20. Brian Cook: Cook had a great four-year career at Illinois, averaging 20.0 points as a senior, before getting picked 24th in the 2003 NBA Draft. He never averaged more than 7.9 points in a season, but he lasted in the NBA until 2012.

OTHER NOTABLE PLAYERS

  • 21. Drew Gooden
  • 22. Nick Collison
  • 25. Joe Johnson
  • 26. Mike Dunleavy Jr.
  • 29. Samuel Dalembert
  • 34. Kareem Rush
  • 36. Steven Hunter
  • 37. Roger Mason Jr.
  • 38. Matt Bonner
  • 40. Matt Carroll
  • 46. Jamal Crawford
  • 55. Steve Blake
  • 60. Caron Butler
  • 62. Kirk Hinrich
  • 77. Rodney White
  • 84. Marquis Daniels
  • 99. Gilbert Arenas
  • UR: Josh Howard

Five-star Brandon McCoy commits to UNLV

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After the season that UNLV, the Runnin’ Rebels desperately needed some good news, and this certainly qualifies: On Tuesday night, five-star center Brandon McCoy announced that he had committed to head coach Marvin Menzies.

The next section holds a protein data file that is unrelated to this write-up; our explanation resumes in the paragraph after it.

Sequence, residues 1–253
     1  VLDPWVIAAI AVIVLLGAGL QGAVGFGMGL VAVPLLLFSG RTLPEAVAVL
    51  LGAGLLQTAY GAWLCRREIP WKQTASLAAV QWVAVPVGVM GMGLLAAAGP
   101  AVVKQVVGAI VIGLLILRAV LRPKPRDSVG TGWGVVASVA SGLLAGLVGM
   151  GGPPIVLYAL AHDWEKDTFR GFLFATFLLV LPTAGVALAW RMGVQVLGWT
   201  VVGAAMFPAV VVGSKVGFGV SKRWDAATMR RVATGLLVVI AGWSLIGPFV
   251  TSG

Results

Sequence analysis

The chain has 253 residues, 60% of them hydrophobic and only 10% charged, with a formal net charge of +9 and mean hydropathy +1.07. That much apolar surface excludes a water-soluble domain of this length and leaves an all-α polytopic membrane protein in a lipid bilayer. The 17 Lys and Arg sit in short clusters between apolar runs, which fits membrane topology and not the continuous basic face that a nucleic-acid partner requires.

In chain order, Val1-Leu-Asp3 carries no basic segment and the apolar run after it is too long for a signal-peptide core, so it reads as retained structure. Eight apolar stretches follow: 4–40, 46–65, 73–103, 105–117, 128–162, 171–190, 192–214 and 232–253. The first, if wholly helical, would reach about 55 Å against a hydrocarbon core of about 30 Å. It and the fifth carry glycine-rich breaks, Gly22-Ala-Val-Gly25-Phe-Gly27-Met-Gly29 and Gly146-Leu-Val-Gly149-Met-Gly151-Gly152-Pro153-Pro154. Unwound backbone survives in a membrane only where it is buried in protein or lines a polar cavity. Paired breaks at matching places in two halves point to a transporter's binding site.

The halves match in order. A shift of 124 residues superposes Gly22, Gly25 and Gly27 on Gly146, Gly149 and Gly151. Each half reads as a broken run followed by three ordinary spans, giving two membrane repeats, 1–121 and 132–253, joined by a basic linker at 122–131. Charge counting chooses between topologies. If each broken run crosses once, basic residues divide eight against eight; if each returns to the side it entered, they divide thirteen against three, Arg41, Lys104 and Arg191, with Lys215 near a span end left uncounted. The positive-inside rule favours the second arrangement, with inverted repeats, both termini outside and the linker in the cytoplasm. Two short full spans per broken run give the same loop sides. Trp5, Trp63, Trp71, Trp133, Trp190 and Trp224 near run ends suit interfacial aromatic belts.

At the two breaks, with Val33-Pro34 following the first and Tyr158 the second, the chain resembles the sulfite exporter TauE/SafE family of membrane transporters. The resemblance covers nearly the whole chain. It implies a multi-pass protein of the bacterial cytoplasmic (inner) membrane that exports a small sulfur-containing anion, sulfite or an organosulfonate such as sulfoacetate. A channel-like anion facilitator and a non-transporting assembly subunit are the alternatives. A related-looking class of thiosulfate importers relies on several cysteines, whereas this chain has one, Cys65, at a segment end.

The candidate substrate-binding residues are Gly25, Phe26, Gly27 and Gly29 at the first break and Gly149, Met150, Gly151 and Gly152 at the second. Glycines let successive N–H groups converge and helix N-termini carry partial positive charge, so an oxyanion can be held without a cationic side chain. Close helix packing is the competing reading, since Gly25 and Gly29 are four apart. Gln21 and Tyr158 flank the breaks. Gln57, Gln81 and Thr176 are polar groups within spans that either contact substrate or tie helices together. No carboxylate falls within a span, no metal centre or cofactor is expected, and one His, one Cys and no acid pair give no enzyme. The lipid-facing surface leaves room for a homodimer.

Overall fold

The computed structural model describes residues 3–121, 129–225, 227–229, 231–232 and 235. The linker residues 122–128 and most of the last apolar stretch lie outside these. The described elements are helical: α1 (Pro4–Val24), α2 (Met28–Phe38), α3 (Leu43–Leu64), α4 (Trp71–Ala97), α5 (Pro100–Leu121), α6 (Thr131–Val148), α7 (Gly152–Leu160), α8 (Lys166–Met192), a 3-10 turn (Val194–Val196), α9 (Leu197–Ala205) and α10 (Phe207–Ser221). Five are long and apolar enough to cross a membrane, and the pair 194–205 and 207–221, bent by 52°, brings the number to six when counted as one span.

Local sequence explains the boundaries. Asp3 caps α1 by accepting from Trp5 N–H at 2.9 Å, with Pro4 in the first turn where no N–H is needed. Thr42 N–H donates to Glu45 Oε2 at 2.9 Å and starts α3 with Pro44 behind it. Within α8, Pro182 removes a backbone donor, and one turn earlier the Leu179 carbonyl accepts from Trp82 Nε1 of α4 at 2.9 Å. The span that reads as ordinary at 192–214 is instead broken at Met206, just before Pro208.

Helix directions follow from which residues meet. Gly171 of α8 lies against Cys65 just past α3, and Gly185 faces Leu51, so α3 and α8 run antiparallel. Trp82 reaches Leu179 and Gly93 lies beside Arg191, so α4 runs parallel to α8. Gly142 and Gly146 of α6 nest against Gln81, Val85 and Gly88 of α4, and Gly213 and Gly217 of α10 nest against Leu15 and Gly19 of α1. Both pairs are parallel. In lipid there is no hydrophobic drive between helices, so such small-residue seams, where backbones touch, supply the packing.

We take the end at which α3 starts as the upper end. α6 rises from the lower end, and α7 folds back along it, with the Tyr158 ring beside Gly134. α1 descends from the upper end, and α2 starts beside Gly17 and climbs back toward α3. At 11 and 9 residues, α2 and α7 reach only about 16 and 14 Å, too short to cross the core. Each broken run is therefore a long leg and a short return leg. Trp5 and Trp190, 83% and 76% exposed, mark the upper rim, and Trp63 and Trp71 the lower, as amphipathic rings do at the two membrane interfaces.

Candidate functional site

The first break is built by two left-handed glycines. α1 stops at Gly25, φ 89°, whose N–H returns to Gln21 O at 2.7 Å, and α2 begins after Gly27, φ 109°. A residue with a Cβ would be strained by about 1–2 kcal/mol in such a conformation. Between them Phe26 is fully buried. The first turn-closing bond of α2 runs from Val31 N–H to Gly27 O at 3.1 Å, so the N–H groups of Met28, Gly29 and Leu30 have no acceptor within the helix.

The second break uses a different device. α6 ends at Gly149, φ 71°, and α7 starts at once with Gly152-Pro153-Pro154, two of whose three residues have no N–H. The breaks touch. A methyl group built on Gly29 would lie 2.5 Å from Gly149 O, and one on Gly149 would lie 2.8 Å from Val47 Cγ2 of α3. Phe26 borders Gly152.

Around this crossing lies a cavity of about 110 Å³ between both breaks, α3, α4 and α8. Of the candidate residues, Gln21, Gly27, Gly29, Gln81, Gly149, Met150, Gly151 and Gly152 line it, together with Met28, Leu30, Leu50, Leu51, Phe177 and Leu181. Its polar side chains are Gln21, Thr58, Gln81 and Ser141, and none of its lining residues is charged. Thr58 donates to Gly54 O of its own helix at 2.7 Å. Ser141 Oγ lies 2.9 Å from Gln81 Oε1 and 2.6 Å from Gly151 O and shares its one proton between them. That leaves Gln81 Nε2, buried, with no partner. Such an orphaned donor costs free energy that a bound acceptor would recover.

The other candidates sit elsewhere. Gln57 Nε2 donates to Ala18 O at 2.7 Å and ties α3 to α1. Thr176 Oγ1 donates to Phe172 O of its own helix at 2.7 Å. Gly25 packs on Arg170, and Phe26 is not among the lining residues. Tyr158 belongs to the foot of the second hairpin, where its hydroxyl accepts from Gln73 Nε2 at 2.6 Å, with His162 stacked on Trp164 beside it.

McCoy is a five-star prospect and a top 15 recruit that hails from San Diego. He picked the Rebels over Arizona, Oregon and Michigan State, among others.

UNLV went 11-21 a season ago as Menzies took over a program that was a shambles after the majority of the roster transferred out following Dave Rices dismissal.

2017 NBA Draft official early entry list

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On Tuesday, the NBA announced the early entries for the 2017 NBA Draft. More than 130 student-athletes have filed early-entry paperwork to enter the upcoming draft. That doesn’t include the dozens of international prospects who will also be eligible for the upcoming draft.

Players wishing to maintain their NCAA eligibility must withdraw from the draft by May 24.  The 2017 NBA Draft will take place on June 22.

Here is the current list of early entrants:

Shaqquan Aaron, USC Soph.
Jaylen Adams, St. Bonaventure Jr.
Edrice Adebayo, Kentucky Fresh.
Deng Adel, Louisville Soph.
Jashaun Agosto,LIU Fresh.
Bashir Ahmed, St. John’s Jr.
Rawle Alkin, Arizona Fresh.
Jarrett Allen, Texas Fresh.
Mark Alstork, Wright State  Jr.
Ike Anigbogu, UCLA Fresh.
OG Anunoby, Indiana Soph.
Dwayne Bacon, Florida State Soph.
Lonzo Ball, UCLA Fresh.
Jaylen Barford, Arkansas Jr.
Jordan Bell, Oregon Jr.
Trae Bell-Haynes, Vermont Jr.
James Blackmon Jr., Indiana Jr.
Antonio Blakeney, LSU Soph.